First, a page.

Why the 'flouers' of reading withered
raen will maek the
With those sentences, the Edinburgh Evening News in 1964 sought to explain the Initial Teaching Alphabet after several schools pioneered the latest method of teaching infants to read.
Across Britain and the United States in the early to mid-1960s, teachers were being encouraged to try the phonic approach, devised by Pitman. It increased the alphabet to 43 letters but cut the 2,000 symbols for the 40 sounds of English speech to 88. The letters "q" and "x" were omitted, along with capitals.
Lecturers at Dundee College of Education were particularly enthusiastic and liaised with staff at the London Institute who were in the forefront of United Kingdom research.
In Parliament in April 1965, both Lady Tweedsmuir, a minister in the previous Tory government, and Tam Dalyell, the West Lothian Labour MP, pressed Willie Ross, the Scottish Secretary, to step up action to test the reading methods. Mr Ross remained noncommittal but replied that 10 schools in four authorities were involved in a pilot.
Some months earlier, a conference at Dundee College heard Alastair Milne, a senior lecturer, espouse the virtues of the new approach. "The augmented alphabet is used only until the child has achieved fluent reading in material printed in this new alphabet. He then transfers to material written in the Roman Alphabet . . . the child experiences no difficulty in making the transfer from material written in i.t.a. to the t.o. (traditional orthography). This latest reform of our spelling then is only a temporary one, until fluency has been achieved and in this it differs from many of the previous attempts. "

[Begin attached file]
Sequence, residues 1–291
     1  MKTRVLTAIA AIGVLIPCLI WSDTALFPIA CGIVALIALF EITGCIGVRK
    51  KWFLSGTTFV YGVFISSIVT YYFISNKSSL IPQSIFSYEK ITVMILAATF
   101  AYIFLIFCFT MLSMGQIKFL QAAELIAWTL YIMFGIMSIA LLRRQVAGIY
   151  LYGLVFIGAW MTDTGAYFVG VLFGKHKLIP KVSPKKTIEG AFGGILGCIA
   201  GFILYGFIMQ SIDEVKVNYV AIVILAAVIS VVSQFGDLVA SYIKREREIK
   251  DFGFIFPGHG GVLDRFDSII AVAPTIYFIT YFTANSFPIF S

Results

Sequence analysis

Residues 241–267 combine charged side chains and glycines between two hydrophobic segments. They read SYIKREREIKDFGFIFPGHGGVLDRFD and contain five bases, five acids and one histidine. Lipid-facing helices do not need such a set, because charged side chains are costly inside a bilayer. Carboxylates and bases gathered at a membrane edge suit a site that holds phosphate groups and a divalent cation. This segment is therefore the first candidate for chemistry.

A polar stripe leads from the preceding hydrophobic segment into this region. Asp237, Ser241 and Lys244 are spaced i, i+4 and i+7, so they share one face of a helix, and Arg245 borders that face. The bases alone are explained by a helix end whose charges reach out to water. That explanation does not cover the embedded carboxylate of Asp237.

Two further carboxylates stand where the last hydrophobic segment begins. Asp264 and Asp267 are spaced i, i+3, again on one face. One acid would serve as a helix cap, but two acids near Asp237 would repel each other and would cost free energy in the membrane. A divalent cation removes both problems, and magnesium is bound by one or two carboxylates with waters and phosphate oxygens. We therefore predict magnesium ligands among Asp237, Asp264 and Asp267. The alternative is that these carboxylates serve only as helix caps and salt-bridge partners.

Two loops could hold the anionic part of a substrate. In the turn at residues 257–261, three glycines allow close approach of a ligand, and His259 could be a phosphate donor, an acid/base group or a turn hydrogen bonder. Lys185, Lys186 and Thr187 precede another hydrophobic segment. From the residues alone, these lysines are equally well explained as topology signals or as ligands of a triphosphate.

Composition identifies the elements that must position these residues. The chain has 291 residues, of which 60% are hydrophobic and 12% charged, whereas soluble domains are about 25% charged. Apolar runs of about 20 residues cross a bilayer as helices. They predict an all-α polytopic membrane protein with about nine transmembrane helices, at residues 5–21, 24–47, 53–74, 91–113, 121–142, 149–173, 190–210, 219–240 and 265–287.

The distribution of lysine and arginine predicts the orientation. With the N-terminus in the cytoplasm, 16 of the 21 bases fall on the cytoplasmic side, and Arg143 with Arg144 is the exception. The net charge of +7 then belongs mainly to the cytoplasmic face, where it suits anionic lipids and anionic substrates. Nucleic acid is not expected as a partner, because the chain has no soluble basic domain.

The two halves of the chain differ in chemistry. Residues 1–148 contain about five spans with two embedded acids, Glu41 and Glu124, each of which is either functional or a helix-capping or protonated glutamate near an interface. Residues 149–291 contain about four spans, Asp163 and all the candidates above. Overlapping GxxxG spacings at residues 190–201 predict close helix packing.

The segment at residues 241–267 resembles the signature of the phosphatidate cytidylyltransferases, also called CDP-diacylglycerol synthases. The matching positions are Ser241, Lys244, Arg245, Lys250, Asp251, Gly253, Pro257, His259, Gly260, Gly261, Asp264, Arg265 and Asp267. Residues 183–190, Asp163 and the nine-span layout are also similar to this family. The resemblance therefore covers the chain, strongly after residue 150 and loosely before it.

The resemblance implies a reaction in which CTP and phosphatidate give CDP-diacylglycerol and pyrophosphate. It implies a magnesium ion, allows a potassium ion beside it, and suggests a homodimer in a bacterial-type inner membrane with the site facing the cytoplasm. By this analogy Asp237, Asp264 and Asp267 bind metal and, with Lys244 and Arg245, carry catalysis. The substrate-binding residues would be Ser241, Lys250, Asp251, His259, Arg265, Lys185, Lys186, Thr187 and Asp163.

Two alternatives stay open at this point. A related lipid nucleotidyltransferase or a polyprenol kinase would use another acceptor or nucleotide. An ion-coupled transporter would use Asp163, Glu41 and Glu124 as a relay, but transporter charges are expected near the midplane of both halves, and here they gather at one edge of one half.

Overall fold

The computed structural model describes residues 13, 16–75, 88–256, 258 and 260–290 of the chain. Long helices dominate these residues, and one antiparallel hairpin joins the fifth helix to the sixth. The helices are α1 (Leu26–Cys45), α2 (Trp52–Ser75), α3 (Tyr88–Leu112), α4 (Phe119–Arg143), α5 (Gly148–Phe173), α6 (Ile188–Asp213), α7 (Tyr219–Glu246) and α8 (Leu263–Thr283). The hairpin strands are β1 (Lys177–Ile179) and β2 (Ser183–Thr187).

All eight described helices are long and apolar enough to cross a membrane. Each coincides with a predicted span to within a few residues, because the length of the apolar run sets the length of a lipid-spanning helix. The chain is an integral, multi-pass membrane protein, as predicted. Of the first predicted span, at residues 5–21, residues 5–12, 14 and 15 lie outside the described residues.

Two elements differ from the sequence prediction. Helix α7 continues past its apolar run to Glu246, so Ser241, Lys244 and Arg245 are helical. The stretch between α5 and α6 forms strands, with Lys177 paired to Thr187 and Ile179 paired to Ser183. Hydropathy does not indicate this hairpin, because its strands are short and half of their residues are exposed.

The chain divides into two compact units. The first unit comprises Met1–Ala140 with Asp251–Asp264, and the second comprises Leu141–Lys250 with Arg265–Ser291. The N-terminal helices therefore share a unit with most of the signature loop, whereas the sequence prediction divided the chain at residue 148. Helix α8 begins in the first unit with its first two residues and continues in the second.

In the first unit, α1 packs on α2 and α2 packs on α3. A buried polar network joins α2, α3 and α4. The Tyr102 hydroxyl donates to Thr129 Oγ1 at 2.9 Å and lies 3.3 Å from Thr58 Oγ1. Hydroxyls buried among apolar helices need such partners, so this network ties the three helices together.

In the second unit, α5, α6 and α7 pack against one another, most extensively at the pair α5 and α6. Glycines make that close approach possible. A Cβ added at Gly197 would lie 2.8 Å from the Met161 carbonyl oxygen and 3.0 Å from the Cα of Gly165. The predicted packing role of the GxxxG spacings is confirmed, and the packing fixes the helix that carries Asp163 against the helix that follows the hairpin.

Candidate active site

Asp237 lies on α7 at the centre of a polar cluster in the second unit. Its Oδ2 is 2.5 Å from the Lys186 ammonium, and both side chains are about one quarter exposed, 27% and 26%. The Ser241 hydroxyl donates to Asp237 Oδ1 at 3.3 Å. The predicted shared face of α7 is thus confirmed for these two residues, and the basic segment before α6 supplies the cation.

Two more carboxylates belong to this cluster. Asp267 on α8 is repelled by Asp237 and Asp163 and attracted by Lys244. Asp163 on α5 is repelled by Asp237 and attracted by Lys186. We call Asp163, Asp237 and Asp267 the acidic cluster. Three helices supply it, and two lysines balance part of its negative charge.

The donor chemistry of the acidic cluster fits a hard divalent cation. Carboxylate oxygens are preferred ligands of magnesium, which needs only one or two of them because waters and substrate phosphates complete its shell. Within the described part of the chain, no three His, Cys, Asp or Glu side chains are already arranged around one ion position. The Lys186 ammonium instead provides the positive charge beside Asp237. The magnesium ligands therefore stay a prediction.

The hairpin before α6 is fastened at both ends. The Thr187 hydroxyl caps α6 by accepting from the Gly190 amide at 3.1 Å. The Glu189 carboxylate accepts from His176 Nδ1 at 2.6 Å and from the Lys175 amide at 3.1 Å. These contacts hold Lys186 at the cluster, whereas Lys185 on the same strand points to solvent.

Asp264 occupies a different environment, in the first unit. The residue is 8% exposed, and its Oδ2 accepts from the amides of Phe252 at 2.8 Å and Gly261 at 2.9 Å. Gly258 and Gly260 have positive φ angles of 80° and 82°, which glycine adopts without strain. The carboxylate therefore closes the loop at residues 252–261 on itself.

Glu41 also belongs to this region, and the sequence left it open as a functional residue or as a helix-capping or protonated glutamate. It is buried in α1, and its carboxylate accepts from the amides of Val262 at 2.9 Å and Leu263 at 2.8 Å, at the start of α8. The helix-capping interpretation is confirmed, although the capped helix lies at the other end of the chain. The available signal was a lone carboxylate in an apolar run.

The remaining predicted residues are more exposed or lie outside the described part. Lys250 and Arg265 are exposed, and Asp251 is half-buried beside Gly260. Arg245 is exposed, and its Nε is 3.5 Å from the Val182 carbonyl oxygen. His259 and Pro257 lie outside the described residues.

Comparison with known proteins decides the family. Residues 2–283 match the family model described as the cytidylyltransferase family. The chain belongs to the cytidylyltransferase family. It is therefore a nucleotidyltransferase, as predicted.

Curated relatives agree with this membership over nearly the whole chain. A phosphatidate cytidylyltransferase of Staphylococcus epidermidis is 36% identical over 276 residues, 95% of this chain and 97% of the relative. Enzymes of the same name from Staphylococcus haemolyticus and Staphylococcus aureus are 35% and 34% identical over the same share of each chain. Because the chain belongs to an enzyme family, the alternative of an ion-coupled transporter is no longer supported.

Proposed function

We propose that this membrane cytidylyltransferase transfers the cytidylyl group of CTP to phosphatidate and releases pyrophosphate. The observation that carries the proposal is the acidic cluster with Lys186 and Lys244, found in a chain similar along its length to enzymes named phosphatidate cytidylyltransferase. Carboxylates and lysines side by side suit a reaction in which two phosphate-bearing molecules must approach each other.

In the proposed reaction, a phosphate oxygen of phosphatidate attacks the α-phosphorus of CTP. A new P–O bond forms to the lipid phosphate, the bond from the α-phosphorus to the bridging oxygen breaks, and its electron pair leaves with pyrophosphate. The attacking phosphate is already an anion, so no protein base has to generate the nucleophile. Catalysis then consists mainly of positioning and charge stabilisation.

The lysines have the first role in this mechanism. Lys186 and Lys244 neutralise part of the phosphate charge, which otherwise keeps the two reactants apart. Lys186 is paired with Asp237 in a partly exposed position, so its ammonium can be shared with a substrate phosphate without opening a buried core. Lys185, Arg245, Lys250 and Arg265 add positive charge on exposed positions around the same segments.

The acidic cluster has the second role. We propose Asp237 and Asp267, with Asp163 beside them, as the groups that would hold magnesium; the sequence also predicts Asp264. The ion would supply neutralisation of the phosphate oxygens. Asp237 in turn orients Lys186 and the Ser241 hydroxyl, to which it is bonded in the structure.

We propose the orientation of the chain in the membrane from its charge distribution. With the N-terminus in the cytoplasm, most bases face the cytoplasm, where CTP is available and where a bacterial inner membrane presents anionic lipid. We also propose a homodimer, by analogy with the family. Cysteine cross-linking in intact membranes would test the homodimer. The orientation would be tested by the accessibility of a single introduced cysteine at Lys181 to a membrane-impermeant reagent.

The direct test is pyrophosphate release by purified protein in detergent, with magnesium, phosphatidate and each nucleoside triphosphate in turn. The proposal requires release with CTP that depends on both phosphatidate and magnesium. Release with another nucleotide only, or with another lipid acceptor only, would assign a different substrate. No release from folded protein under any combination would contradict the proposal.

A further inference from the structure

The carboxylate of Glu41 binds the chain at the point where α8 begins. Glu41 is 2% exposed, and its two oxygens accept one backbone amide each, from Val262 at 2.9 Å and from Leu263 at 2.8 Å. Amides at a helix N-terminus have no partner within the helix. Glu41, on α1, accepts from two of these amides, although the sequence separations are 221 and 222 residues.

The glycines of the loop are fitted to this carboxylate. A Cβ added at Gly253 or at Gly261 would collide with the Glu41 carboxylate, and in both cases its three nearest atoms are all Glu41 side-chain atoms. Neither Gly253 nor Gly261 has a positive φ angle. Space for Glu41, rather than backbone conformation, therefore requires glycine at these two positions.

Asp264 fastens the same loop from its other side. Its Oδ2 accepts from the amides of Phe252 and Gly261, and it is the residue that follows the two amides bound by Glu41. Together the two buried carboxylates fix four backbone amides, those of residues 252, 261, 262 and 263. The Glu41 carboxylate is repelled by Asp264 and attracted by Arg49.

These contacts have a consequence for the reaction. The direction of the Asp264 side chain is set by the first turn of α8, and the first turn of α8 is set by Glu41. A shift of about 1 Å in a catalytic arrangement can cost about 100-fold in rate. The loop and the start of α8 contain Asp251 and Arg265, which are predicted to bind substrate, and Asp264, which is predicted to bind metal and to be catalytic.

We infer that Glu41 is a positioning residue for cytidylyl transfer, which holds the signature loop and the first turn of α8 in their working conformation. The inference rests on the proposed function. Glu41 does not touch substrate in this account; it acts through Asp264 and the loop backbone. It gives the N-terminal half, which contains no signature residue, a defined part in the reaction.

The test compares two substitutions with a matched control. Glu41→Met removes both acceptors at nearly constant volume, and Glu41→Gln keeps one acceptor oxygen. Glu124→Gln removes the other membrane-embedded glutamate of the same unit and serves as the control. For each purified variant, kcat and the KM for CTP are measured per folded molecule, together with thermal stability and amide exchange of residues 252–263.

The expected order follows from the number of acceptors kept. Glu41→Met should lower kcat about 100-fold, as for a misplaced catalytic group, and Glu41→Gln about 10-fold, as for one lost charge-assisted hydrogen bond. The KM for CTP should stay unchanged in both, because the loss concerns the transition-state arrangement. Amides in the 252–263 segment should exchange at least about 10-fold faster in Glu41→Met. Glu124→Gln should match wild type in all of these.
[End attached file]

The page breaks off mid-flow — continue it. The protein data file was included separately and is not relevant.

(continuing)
David Stimpson, Dundee's principal, told the Scottish Office that i.t. a. "produces a fluency and a confidence in excess of the traditional alphabet". Test results appeared to show significant progress in reading ability.
But by 1967, Tony Crosland, the minister for education south of the border, had proved "not nearly as enthusiastic as Sir Edward Boyle", his Tory predecessor, according to Scottish Office advisers.
The i.t.a. approach withered in the late sixties and early seventies following an extensive research project in England. Bill Gatherer, a staff inspector for English during the period, told The TES Scotland that pupils learnt to read quickly, especially the less able, but could not translate their progress into normal written material. "By the age of eight or nine, children who were taught by conventional methods caught up," Dr Gatherer said.
There was also insufficient written material in the new alphabet, a point reinforced by Lady Tweedsmuir in the Scottish Office records.
Dr Gatherer said the i.t.a. methods, with the different alphabet, could not be combined with other approaches and were finally sunk by the Bullock report in 1974 on language and literacy.